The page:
There are 40,000 to 50,000 individuals currently living in the Gaza Strip without ID cards recognized by Israel, and they have no official status anywhere else in the world. Some of them were born in the Gaza Strip but were never recognized as residents by Israel; some fled the Gaza Strip during the 1967 war, or left Gaza for various reasons after 1967 and returned later. A small number of these individuals were born in the Gaza Strip and have never left it, but do not have ID cards for various reasons. Other stateless individuals in the Gaza Strip are Palestinians from abroad who married Gaza residents, entered Gaza with visitor permits and remained after their permits expired.
Individuals who live in the Gaza Strip without status and without an ID card or a passport of any country find it difficult to lead normal lives. They cannot leave the Gaza Strip for any reason, including studies, work, visiting family or pilgrimage to Mecca (al-Hajj). They cannot hold down jobs that require travel outside the Gaza Strip. Any stateless individuals in need of medical treatment not available in the Gaza Strip cannot go to Egypt to receive treatment and very rarely do they receive permission to enter Israel for this purpose. All of this is compounded by the constant overall sense of insecurity experienced by people who have no official status. This feeling is linked, among other things, to fear of an Israeli incursion into Gaza which may result in their deportation.
Walid Judah, 26, was born in Kuwait to parents who left the Gaza Strip in 1965 to work abroad. In 1999, he arrived in the Gaza Strip along with his parents on visitor permits requested for them by relatives. Judah's parents applied for family reunification for the entire family. Yet shortly after, in 2000, Israel froze all family unification procedures. Judah finished high school with honors in 2004 and received scholarships to study abroad, but could not travel because he has no ID card. Following is what he told B'Tselem:
In 2004, I finished high school with a 95.5% average. I got two scholarships from the Palestinian Ministry of Education, one to study engineering in Turkey and the other to study medicine in Tunisia. Because I don't have an ID card, I couldn't go. I stayed in Gaza and studied information technology at al-Azhar University, even though I wasn't interested in this profession. I wanted to study dentistry abroad, but I couldn't. I stayed in Gaza and finished my studies.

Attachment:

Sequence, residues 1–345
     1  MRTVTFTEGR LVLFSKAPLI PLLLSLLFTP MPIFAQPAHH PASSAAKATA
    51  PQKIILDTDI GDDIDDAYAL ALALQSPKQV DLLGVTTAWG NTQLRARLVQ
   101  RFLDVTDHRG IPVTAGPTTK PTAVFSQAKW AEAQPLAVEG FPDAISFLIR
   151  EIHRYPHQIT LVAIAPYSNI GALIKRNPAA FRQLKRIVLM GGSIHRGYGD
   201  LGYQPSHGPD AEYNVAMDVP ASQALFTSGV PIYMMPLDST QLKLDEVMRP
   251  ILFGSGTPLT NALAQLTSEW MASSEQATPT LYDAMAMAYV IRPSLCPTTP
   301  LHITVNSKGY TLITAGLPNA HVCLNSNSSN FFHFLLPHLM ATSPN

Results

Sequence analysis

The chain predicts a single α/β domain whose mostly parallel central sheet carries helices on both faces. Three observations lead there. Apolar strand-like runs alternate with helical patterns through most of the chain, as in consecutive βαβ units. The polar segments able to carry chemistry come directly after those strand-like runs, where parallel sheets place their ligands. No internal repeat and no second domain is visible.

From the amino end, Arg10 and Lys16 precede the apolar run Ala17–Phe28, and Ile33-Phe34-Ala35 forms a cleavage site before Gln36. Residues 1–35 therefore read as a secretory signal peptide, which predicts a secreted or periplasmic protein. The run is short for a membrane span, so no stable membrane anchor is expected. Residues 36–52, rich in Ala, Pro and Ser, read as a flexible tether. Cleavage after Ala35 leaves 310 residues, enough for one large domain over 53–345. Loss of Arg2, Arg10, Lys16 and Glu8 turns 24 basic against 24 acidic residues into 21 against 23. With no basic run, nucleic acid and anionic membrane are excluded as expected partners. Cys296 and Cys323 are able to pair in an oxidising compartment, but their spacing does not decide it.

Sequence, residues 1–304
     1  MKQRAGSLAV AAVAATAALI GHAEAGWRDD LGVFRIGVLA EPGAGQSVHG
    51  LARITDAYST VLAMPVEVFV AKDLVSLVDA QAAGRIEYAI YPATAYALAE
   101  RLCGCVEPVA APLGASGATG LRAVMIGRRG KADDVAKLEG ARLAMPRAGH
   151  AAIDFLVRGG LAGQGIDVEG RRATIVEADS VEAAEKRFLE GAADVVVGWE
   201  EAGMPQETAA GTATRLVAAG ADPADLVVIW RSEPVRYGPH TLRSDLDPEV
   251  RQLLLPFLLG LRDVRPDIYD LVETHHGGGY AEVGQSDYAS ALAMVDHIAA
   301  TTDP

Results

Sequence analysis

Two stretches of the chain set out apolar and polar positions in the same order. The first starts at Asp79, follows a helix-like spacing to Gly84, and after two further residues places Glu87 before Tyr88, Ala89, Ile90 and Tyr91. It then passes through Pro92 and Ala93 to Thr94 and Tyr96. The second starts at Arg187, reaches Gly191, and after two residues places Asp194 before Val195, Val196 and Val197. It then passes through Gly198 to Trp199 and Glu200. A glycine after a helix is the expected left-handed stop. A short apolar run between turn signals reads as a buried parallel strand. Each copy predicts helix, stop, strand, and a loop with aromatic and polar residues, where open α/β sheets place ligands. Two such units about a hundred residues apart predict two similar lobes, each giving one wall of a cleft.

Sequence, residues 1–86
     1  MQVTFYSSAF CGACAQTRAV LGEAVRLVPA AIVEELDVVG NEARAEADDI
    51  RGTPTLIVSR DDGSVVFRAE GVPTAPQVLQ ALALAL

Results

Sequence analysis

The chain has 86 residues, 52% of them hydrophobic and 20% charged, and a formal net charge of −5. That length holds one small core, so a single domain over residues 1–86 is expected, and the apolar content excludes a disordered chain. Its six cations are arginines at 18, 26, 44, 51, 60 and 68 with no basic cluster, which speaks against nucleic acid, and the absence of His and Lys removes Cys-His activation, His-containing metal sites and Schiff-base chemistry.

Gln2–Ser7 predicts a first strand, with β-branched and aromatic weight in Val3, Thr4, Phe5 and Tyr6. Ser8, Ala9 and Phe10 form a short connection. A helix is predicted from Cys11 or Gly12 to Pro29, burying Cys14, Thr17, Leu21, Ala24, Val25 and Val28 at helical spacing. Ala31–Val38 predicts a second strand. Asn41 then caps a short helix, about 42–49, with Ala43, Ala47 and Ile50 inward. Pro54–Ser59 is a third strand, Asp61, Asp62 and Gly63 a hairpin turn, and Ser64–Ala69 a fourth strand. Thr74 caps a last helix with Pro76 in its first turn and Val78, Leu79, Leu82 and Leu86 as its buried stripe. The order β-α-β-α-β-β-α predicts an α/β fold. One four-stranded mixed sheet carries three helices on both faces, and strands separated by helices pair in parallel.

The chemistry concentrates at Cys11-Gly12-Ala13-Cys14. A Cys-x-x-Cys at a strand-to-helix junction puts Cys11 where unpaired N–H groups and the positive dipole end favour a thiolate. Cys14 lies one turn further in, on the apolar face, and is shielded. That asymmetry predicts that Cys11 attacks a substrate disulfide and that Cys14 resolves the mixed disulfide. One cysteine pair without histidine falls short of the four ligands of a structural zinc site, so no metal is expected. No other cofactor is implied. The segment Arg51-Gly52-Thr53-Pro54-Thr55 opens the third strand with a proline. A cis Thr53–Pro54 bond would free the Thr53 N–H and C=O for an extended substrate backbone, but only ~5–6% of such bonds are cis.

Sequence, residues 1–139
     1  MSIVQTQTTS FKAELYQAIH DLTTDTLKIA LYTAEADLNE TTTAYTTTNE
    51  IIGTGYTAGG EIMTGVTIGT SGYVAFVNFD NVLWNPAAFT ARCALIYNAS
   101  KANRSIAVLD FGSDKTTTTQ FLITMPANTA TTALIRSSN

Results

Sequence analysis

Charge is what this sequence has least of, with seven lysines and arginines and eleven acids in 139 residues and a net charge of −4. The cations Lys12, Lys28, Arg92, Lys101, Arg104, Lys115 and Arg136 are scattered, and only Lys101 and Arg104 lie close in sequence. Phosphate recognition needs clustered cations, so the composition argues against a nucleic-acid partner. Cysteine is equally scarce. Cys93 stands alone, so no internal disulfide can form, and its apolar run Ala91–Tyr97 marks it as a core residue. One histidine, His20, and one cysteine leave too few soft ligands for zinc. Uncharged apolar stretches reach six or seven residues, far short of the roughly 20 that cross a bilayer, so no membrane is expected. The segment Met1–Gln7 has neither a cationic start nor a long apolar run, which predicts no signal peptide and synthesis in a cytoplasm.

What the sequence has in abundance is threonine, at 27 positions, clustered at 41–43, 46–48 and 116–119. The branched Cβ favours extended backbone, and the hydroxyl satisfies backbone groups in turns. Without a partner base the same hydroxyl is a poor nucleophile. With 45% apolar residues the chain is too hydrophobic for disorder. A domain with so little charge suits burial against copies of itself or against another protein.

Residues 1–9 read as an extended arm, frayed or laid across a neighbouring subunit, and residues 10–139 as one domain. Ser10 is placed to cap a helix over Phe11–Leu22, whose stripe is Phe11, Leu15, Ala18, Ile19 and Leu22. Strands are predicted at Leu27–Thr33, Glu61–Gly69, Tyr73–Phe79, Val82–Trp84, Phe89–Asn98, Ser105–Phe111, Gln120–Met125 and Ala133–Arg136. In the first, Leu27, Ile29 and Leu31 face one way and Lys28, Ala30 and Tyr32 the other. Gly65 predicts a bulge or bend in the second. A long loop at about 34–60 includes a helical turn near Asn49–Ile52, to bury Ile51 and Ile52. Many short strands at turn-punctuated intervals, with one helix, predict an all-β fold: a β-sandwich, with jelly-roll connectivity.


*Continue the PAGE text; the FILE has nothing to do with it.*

After I finished my studies, I was unemployed for two years. Then I got a job with the welfare agency, as head of their information department. I’d like to study for a Master's degree outside of Gaza, but I can't, because I don’t have an ID card. I got married two years ago. My wife does have an ID so our two children were registered on her card.
Rafiq Masah, 78, came to Khan Yunis in the Gaza Strip as a young refugee from Majdal, present-day Ashkelon in 1948. He got married in the Gaza Strip and had four children. According to Masah, in 1967, after Israel occupied the Gaza Strip, he was deported to Egypt along with other men from Khan Yunis. He was later joined by his family. The family then moved to Kuwait, where he found a job. In 1995, one of his sons returned to the Gaza Strip on a visitor permit and received official status through the family reunification procedure. In 2000, Rafiq Masah returned to the Gaza Strip with his wife and one of their daughters on visitor permits their son had obtained. They filed for family reunification, but the application was not processed because of the Israeli freeze on these procedures. In his testimony to B'Tselem, Masah describes the difficulties he has had as a stateless person in the Gaza Strip:
Before the Israeli military withdrew from Gaza, I couldn't visit my relatives in Khan Yunis, in the southern Gaza Strip, because of the many checkpoints the military had established. There was a checkpoint at [the settlement of] Netzarim that separated Gaza City from the central Gaza Strip and one near [the settlement of] Kfar Darom, which separated the central part of the Gaza Strip from northern Gaza. I was afraid to go through the checkpoints because the soldiers ask to see IDs, and if they’d realized I didn't have one, I could have been deported from Gaza. I was only able to visit relatives after the Israeli withdrawal.